I was walking through the Parkland Mall this past weekend when someone who shall remain nameless (in other words I don’t know his name) stopped me and asked me what I thought of the 2014 SJHL final match up. My answer at the time, quite simply, was “Well it’s the Highway 10 rivalry. How can it get any better?”
Then I got to thinking (which can be a dangerous thing from time to time). I thought about what this series will actually mean to the two clubs.
This series is a financial dream for each team. There will be next to nothing in terms of costs. They’ll need to rent a bus for one hour of travel time (a half hour trip each way).
They’ll have zero hotel expenses. They won’t even have a pre-game meal expense unless the coaching staff decides the team needs to eat at a local restaurant a few hours before the game.
On the other side of that coin is the financial upside. Both teams will no doubt see SJHL records in playoff series attendance numbers meaning that both teams will most likely set league profit records from one single series as well.
Both rinks will be packed for each game as Yorkton and Melville fans alike will make the half hour or so trip down Highway 10 for away games.
Then there is that one other person that benefits from this series. SJHL President Bill Chow suddenly looks like a genius with his conference shake up over last offseason.
You see, this is the first possible season that these two enemies could meet in the SJHL finals.
When Chow and company announced the division/conference change up in the summer/fall of 2013 many people initially disliked it. They then realized that it opened up a chance for the Yorkton Terriers and Melville Millionaires, two teams that genuinely hate each other, to battle each other in the league finals; something that had never happened in either team’s existence so far.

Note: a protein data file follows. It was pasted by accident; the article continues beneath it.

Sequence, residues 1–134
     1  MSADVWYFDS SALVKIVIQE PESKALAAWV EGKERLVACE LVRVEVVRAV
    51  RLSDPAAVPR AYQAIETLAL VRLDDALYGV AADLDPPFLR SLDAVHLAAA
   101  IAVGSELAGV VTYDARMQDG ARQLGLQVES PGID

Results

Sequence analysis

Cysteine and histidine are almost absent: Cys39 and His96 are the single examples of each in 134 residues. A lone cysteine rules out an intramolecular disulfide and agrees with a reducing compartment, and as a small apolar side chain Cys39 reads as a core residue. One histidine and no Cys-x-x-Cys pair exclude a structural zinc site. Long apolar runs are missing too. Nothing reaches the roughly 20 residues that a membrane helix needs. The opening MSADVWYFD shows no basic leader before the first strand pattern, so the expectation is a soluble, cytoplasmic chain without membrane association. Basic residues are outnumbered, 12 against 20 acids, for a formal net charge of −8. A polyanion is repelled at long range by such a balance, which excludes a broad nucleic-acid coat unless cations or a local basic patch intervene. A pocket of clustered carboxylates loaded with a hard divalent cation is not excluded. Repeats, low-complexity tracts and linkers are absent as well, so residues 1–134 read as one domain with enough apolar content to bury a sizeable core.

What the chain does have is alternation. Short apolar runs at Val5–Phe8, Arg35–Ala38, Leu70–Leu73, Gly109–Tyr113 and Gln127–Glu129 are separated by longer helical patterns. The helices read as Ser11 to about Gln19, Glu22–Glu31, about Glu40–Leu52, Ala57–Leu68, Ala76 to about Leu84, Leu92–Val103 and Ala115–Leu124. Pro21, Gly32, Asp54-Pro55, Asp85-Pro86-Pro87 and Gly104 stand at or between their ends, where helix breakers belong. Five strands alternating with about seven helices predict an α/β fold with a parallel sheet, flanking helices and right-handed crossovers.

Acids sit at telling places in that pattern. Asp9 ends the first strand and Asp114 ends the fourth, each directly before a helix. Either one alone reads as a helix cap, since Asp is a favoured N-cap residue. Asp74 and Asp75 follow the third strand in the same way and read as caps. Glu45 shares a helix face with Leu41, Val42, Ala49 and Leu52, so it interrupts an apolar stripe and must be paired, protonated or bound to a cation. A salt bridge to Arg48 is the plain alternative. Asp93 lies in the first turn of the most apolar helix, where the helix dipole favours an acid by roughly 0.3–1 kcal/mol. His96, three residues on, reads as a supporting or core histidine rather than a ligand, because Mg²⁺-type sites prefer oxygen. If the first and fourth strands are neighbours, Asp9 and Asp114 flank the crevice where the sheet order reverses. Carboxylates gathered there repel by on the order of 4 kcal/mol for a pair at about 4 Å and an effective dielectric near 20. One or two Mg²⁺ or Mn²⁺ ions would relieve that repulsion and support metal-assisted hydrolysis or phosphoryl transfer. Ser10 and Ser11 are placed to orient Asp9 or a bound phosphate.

Sure, the chance was miniscule. Both teams had to finish in the perfect spot at the end of the regular season so as to avoid each other until the finals.
To add to that, both teams had to win their first two series just to make it to the finals.
Fast forward 66 games and that miniscule chance has happened. Both the Terriers and Mils will meet in the 2013/14 SJHL Canalta Cup finals for the first time in history. The resulting series, no matter how it plays out, will definitely be a feather in the cap of Chow who, when deciding on the new SJHL league and playoff format, could not have planned for a better outcome.
The hockey in this will be fast paced, physical and intense. The fan support will be off the hook and the income for each team from the series will be record setting.
It will also be one of the most competitive series in SJHL history because, while Yorkton got the better of Melville in the regular season series with a record of 6-2, they only outscored the Mils 22-19.
The Highway 10 rivalry will be in full force for a minimum of four games and a maximum of seven. Orange will combat blue on the ice as well as in the stands.
Everyone who has the chance to come to a game, whether it be at Yorkton’s Farrell Agencies Arena or Melville’s Horizon Credit Union Centre, best do so.
If they don’t they’ll most likely end up missing some of the best hockey they’ll ever have the chance to watch in an electrifying atmosphere that will rival that of the Stanley Cup.
In short, miss this historic Highway 10 rivalry SJHL finals series and you’ll regret it for the rest of your life.
I’ll end this with a prediction: Just like Jason McCoy’s “Born Again in Dixieland” does in my car, the Yorkton Terriers will repeat. Terriers in six for yet another SJHL title.